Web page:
Today’s battle is veering a little off the rock & roll vibe and instead going mellow with one of my favorite R&B ‘Head’ songs, “Goin’ Out of My Head” by Little Anthony and the Imperials.  

Little Anthony and the Imperials is an American rhythm and blues/soul vocal group from New York City founded by Clarence Collins in the 1950s and named in part for its lead singer, Jerome Anthony “Little Anthony” Gourdine, who was noted for his high-pitched voice. In addition to Collins and Gourdine, the original Imperials included Ernest Wright, Glouster “Nate” Rogers, and Tracey Lord, the last two of whom were subsequently replaced by Samuel “Sammy” Strain. The group was one of the very few doo-wop groups to enjoy sustained success on the R&B and pop charts throughout the 1960s. They were inducted into the Rock and Roll Hall of Fame on April 4, 2009, 23 years after the group’s first year of eligibility for induction.

“Goin’ Out of My Head” is a song written by Teddy Randazzo and Bobby Weinstein, initially recorded by Little Anthony & the Imperials in 1964. Randazzo, a childhood friend of the group, wrote the song especially for them (having also supplied the group with their previous Top 20 Hit “I’m on the Outside (Looking In)”.

Their original version of the song was a Billboard Top 10 Pop hit, reaching #6 on the Billboard Hot 100, and #1 in the Canadian RPM-list in 1965. The song peaked at #8 on Cashbox magazine’s R&B chart (Billboard was in a chart recess for R&B listings at that time). The Little Anthony & the Imperials original recording is the best-known version of the song, although it has since been covered by many other artists.

Here is the original for your reference and enjoyment only. It is NOT part of the battle, so don’t vote for this one!

 

HERE’S TODAY’S BATTLE! The battle for this song features covers done by these two groups:

CONTENDER #1: THE ZOMBIES – The Zombies, an English rock band formed in 1962 led by keyboardist and vocalist Rod Argent and vocalist Colin Blunstone, released their cover of Goin’ Out of My Head in 1966 on their album called The Original Studio Recordings, Vol. 3.

 

CONTENDER #2: CLASSICS IV – The Classics IV is a band formed in Jacksonville, Florida in 1965. The band is often credited for establishing the “soft southern rock” sound. The band, led by singer Dennis Yost, is known mainly for the hits “Spooky”, “Stormy”, and “Traces”, released 1967 to 1969, which have become cover standards. Their cover of Goin’ Out of My Head appeared on the Classics IV 1968 album Spooky.

 

TIME TO VOTE! Which versions do you like better and why? Tell me in the Comment section below.

When you’re done voting, please visit these other BOTB participants and check out their cool battles:

Thanks for your participation and your votes! Voting will be open until midnight on the 21st and I’ll post results on the 22nd or shortly thereafter. Until then, Rock On my friends…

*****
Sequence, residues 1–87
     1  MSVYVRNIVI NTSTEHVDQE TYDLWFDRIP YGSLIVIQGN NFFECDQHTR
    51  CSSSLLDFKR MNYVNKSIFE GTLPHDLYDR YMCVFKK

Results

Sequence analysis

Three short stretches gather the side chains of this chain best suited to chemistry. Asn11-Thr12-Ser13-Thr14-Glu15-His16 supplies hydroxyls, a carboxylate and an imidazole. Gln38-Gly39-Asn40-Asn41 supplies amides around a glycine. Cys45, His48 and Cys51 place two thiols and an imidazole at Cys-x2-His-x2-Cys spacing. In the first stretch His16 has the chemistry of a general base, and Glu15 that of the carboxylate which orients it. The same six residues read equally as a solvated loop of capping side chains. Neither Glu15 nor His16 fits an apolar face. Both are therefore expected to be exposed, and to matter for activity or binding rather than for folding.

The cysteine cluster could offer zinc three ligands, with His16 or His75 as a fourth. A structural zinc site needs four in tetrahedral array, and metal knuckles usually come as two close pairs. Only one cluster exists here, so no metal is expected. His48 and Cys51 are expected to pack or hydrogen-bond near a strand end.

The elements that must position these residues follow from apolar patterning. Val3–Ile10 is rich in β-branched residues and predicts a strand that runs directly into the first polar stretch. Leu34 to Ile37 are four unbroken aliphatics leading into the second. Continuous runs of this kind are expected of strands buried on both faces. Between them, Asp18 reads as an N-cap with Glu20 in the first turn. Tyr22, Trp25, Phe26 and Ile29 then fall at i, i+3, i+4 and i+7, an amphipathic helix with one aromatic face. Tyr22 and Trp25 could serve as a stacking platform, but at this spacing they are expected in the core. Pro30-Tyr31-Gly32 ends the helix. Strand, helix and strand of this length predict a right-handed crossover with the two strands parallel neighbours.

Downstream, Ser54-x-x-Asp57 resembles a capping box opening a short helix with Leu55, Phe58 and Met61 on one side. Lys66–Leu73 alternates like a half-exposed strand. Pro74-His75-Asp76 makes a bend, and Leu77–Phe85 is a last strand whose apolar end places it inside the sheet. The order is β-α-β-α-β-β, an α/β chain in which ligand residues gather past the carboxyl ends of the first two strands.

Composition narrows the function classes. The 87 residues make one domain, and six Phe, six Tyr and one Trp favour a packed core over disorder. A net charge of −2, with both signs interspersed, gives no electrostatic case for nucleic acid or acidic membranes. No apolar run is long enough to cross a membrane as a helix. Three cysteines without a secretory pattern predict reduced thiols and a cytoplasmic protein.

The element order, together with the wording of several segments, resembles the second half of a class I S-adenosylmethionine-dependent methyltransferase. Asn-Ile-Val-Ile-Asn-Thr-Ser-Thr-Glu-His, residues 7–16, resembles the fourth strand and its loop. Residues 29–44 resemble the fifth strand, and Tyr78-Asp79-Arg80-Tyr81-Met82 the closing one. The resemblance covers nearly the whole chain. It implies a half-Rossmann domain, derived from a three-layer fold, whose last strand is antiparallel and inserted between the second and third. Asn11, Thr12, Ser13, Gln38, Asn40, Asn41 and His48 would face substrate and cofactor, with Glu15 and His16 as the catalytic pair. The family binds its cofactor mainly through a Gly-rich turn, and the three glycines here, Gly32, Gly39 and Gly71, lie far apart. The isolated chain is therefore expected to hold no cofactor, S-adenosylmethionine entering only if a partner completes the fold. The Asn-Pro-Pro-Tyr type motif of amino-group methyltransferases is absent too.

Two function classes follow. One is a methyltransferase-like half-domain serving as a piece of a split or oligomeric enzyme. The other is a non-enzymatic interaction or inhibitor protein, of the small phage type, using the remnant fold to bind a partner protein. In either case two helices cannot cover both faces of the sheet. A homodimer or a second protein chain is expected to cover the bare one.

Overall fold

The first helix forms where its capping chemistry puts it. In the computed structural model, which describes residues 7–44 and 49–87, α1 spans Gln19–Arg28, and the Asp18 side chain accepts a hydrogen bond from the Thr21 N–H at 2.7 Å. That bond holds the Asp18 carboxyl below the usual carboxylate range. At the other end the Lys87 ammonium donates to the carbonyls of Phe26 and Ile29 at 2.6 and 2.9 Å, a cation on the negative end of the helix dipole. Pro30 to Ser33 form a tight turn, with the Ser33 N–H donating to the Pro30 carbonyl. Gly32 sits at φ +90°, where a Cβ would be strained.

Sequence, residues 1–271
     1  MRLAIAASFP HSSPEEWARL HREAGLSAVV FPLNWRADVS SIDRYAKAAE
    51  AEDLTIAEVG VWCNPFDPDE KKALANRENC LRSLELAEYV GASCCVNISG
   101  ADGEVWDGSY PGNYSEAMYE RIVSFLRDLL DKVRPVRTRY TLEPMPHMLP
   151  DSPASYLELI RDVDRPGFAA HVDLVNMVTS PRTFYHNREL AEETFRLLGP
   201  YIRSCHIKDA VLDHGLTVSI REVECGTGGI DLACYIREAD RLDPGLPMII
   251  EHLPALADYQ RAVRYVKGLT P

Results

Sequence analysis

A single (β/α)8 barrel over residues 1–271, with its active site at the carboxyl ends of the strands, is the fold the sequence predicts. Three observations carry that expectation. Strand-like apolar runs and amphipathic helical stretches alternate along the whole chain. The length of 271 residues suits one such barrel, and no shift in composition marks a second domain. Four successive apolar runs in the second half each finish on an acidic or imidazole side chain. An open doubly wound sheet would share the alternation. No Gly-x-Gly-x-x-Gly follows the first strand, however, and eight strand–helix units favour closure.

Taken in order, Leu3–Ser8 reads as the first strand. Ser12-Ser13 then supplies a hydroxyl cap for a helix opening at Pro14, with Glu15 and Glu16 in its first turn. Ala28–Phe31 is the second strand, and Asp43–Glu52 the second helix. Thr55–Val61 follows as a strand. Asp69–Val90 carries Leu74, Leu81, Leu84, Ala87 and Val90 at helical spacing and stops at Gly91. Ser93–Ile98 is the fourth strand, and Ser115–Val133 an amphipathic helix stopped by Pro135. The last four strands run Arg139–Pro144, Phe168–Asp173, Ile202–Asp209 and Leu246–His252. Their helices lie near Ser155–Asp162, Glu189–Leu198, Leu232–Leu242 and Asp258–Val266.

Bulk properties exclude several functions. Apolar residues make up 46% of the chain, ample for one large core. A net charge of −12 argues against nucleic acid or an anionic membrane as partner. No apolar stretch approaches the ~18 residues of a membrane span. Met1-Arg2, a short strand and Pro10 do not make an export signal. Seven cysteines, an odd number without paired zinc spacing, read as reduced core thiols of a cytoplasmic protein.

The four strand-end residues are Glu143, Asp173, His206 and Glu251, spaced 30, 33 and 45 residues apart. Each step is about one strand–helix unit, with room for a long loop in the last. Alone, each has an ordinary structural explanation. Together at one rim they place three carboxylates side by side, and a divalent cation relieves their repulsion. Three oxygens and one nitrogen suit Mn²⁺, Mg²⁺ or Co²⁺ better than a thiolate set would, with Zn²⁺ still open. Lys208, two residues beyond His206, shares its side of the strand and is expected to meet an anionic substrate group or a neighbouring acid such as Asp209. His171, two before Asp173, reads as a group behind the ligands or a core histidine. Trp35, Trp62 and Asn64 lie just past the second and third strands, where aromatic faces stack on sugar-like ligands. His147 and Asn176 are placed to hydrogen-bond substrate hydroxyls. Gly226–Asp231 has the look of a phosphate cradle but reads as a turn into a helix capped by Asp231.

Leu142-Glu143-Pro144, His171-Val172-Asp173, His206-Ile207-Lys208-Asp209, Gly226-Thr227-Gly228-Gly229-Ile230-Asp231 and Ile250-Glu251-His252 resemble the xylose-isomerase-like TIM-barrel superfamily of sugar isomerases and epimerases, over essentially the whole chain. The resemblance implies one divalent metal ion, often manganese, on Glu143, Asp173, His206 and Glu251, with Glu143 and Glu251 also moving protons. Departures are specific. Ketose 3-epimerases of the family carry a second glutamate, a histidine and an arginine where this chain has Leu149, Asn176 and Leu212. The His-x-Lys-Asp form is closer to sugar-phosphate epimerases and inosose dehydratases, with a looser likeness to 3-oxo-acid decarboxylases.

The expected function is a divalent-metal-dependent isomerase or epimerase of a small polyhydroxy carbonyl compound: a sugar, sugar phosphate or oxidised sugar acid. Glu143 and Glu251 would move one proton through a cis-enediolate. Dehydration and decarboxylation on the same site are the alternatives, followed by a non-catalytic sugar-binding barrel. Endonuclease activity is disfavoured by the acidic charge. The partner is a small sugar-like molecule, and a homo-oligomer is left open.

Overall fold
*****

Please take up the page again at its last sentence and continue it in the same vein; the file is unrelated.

Battle of the Bands RESULTS: Spooky by Classic IV

Hope all of you had a fabulous Thanksgiving and fun celebrating the holiday weekend with family and friends. It was a crazy busy time here for me with a zillion dogs boarding for the holiday and in fact I completely forgot to post the battle results so my apologies for being so tardy.

This is going to be short and sweet: my computer is acting up and I have to take it in to clear off whatever is making it stall and move so sluggishly. I’m getting irritated seeing “Not Responding” in every single program, and productivity is only a pipe-dream at this point.

Anyway, this month’s battle featured the Classics IV classic “Spooky” with Joan Osborne and Deana Martin both vying for the win.

JOAN OSBORNE steamrolled Deana Martin. Voters most definitely preferred Osborne’s smoky vocal style over Deana’s swing approach, myself included. I liked Deana’s version and enjoyed it very much. Her style set a whole new tone for the song, whereas I think Joan’s version is more fitting for the overall context of “Spooky.”

FINAL TALLY:

JOAN OSBORNE – 10 votes

DEANA MARTIN – 3 votes 

Another female vocal version that I considered using in this battle was a cover by Dusty Springfield. For those not familiar with Dusty, here’s the opening paragraph from her Wikipedia bio page:

Mary Isobel Catherine Bernadette O’Brien, OBE (16 April 1939 – 2 March 1999), professionally known as Dusty Springfield, was an English pop singer and record producer whose career extended from the late 1950s to the 1990s. With her distinctive sensual mezzo-soprano sound, she was an important blue-eyed soul singer and at her peak was one of the most successful British female performers, with six top 20 singles on the US Billboard Hot 100 and sixteen on the UK Singles Chart from 1963 to 1989. She is a member of the US Rock and Roll and UK Music Halls of Fame. International polls have named Springfield among the best female rock artists of all time. Her image, supported by a peroxide blonde bouffant hairstyle, evening gowns, and heavy make-up, as well as her flamboyant performances made her an icon of the Swinging Sixties.